world = starbound.World(mm)
  world.read_metadata()

  print('World size: {}×{}'.format(world.width, world.height))
  x, y = world.metadata['playerStart']
  print('Player spawns at ({}, {})'.format(x, y))

  # Regions consist of 32×32 tiles.
  rx, ry = x // 32, y // 32
  print('An entity: {}'.format(world.get_entities(rx, ry)[0]))

Example: Easy access to various world attributes

A vast amount of information about loaded Worlds is available via the metadata attribute (as seen in the above section), but some information is also abstracted out into an info attribute. For instance:

world = starbound.World(fh)
print('World Name: {}'.format(world.info.name))
print('World Description: {}'.format(world.info.description))
print('World Coordinates: ({}, {})'.format(world.info.coords[0], world.info.coords[1]))

The full list of attributes currently available are:

Attribute Description
biomes The full set of biomes found on the world. This should be a complete list, regardless of how much of the world has been explored.
coords World coordinates, as a tuple. The first two elements are the in-map coordinates of the system, the third is effectively random but describes the world itself.
description The internal description of the world. Will often include text describing the tier of the world.
dungeons The full set of dungeons found on the world. This should be a complete list, regardless of how much of the world has been explored.
name The name of the world. Will often include Starbound coloration markup.
size A tuple describing the width and height of the world.
world_biomes A set of the main biome IDs of the world, of the sort reported in the ingame navigation screen.

Example: Finding an entity by UUID/ID

Many entities in Starbound, such as bookmarked flags, mech beacons, quest markers, etc, have UUIDs or IDs which the game can use to find where they are in the map without having to have all regions loaded. Player bookmark UUIDs can be found in the player.data['universeMap'] dict, underneath teleportBookmarks. One object type which does not use UUIDs is a level's mech beacon, which instead uses the magic string mechbeacon. To find the ingame coordinates for a level's beacon (if one is present), this can be used:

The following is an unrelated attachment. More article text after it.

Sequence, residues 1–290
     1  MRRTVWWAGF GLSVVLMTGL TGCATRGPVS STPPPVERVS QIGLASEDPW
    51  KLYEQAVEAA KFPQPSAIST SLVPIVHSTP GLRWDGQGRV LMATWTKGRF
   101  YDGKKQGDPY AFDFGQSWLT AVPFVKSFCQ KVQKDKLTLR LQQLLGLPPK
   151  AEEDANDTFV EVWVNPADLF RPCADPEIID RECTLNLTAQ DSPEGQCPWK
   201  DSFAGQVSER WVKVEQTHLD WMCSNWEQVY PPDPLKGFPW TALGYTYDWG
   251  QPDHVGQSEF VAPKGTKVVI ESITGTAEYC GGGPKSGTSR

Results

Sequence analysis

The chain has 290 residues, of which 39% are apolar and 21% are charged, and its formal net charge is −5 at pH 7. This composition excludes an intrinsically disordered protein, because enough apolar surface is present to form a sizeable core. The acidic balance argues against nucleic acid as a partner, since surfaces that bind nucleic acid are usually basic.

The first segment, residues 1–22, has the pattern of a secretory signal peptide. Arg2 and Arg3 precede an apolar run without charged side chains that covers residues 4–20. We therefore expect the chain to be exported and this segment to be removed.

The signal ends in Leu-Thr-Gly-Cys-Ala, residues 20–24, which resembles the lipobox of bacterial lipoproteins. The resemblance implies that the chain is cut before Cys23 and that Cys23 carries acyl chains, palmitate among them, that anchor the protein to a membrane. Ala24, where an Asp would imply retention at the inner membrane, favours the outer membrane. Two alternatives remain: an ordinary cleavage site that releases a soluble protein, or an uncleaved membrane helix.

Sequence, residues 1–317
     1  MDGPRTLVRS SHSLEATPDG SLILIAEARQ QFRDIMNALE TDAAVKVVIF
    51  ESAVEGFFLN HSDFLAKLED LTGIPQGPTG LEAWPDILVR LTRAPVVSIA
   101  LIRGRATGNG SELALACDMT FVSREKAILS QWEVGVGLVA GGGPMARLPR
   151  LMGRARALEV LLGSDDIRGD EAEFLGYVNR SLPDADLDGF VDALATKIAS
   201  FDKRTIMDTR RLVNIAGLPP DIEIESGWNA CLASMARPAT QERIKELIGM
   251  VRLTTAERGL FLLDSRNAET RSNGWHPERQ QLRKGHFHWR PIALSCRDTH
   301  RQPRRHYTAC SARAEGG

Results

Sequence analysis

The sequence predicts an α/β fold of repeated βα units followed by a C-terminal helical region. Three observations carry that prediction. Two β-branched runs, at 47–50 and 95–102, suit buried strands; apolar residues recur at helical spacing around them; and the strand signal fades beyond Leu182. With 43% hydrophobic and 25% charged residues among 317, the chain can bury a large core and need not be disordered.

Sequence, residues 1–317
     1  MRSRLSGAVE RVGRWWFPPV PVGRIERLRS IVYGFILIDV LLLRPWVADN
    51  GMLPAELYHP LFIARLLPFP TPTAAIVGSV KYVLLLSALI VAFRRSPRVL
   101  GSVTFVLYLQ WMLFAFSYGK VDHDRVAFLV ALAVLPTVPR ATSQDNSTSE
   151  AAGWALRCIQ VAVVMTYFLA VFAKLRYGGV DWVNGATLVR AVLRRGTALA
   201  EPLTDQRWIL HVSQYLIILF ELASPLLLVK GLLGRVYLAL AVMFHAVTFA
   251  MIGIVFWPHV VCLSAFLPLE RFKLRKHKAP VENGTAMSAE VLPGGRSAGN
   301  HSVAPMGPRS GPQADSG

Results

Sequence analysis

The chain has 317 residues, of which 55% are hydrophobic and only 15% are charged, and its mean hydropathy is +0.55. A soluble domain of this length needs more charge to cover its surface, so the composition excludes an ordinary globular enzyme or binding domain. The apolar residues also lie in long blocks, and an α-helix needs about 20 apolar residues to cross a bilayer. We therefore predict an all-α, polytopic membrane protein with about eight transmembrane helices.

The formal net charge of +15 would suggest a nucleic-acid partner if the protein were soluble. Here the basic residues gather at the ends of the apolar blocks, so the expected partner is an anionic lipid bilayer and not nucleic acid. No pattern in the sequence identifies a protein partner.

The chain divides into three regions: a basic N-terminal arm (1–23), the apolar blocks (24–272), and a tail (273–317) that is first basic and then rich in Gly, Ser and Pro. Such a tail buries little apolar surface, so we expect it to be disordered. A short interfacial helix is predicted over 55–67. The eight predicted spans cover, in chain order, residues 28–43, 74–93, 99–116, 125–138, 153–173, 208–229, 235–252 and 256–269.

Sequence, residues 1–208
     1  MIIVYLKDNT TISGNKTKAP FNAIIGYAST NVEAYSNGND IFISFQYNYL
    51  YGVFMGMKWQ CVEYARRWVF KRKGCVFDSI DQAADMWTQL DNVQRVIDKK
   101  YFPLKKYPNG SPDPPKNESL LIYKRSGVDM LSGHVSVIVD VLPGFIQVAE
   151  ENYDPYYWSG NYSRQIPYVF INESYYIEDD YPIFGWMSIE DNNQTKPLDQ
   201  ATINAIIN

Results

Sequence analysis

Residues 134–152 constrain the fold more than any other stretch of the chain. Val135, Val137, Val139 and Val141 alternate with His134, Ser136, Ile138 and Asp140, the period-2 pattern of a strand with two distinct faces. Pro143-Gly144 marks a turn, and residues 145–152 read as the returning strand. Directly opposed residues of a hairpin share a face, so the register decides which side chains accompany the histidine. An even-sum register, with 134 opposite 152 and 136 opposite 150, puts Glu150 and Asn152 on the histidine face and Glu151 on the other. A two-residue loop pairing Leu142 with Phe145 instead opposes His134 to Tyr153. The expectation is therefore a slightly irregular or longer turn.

mechbeacon_coords = world.get_entity_uuid_coords('mechbeacon')
if mechbeacon_coords:
  print('Mech beacon found at ({}, {})'.format(*mechbeacon_coords))
else:
  print('No mech beacon in level!')

Example: Getting assets from packed.pak

Starbound keeps most of the assets (images, configuration files, dungeons, etc.) in a file called packed.pak. This file uses a special format which can be read by py-starbound, as you can see below.

import starbound

with open('assets/packed.pak', 'rb') as fh:
  package = starbound.SBAsset6(fh)

  # Print the contents of a file in the asset package.
  print(package.get('/lighting.config'))

Example: Modifying Starbound files

Currently, only the SBVJ01 file format can be written by py-starbound. This means player files, client context files, and the statistics file.

Here's an example that renames a player (WARNING: Always back up files before writing to them!):

import starbound

with open('player/420ed511f83b3760dead42a173339b3e.player', 'r+b') as fh:
  player = starbound.read_sbvj01(fh)

  old_name = player.data['identity']['name']
  new_name = old_name.encode('rot13')
  player.data['identity']['name'] = new_name
  print('Updating name: {} -> {}'.format(old_name, new_name))

  # Go back to the beginning of the file and write the updated data.
  fh.seek(0)
  starbound.write_sbvj01(fh, player)
  # If the file got shorter, truncate away the remaining content.
  fh.truncate()

License

MIT License